Monday, April 11, 2011

When to use Heat and when to use Ice

Guest Blogger: Danielle Clark, DPT

This has to be one of the most frequently asked questions in our clinic, no matter which area of the body we are talking about. So I thought it would be a good idea to put together some good information about when to use which!

In general the best rule of thumb is ice when something just occurred (immediate- 72 hours) that’s causing any or all of the following symptoms: bruising, pain and swelling. After that initial time frame it may become more beneficial to use heat. Of course now we get to all the nuances and exceptions to what I just stated!

Ice’s modus of operation is to decrease blood flow to the area applied via blood vessel constriction. This will slow the area’s metabolism and decrease any inflammatory response. Ice will decrease your pain by interrupting the pain signals sent from the area to the brain, known as an analgesic effect. Ice is best for acute injuries described above, chronic issues such as back pain and overuse or repetitive injury conditions after activity. Ice should be used 10-15 minutes with some barrier between you and the ice such as a towel- you can frostbite yourself if you aren’t careful!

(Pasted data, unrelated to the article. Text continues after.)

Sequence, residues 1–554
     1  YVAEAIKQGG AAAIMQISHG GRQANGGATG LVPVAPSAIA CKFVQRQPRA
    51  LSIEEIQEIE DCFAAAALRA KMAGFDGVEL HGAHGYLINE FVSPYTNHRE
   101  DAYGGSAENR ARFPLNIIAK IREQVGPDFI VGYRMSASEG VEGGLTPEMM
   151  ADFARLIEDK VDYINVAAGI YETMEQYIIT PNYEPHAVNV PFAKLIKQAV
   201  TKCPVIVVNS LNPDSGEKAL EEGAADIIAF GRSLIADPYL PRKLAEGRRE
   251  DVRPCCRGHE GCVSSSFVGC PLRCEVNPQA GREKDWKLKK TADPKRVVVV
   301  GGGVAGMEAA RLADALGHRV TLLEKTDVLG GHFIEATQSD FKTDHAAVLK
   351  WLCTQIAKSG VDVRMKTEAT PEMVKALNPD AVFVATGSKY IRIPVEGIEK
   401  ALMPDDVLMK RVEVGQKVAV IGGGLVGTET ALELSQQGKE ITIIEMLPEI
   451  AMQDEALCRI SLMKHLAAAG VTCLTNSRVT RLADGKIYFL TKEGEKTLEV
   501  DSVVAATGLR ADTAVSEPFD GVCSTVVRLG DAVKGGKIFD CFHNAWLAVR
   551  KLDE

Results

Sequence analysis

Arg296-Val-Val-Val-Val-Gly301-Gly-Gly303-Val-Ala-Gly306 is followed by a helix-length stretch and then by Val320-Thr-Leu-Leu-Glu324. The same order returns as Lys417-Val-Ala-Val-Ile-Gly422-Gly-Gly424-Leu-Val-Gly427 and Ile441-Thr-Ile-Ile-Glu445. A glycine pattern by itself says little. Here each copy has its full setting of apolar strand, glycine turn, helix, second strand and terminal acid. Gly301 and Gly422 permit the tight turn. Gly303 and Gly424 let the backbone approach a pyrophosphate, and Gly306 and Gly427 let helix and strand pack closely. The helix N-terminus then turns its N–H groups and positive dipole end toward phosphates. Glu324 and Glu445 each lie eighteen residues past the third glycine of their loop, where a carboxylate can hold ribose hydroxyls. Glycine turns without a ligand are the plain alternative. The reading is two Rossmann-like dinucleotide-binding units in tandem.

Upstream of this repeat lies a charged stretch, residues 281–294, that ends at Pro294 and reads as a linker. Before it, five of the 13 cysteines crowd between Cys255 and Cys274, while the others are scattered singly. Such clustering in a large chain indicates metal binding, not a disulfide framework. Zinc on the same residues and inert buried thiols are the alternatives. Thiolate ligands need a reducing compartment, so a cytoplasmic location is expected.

Heat’s modus of operation is the counterpoint of ice. Heat will increase blood flow to an area and relax surrounding muscles and tissues. Therefore, any area to which heat is applied should not be swollen. Heat can be useful to decrease tension through muscles and trigger points, decrease pain from a cervicogenic headache, loosen up an area irritated from overuse or repetitive motion before activity. Heat should be applied for 10-20 minutes only, with too high a temperature and/or length of treatment you can irritate or burn your skin.

Many patients ask me why I start a treatment with heat and end with ice. My answer for each patient regardless of injury is based around the same principle- I want to relax the area to start with so I can get in there and perform manual therapy to improve tissue integrity or range of motion. This is common with IT band injury, shoulder injury/surgery or chronic back pain without inflammation. After a treatment the area may have become a bit irritated so I want to calm this down with ice. I think many patients ask me to clarify on this point because I’m telling them to use ice at home when the area is “kicked up and bothering” them as I like to say. This is because their daily activity or a specific task has irritated the area causing pain and inflammation even if they can’t see swelling and ice will be much more beneficial to decrease their pain and minimize any inflammation along the recovery process.

So in general each can be extremely beneficial with a few simple rules, and easy to implement at home with frozen peas or hot towels! 

Dr. Clark is a physical therapist at Boston Sports Medicine

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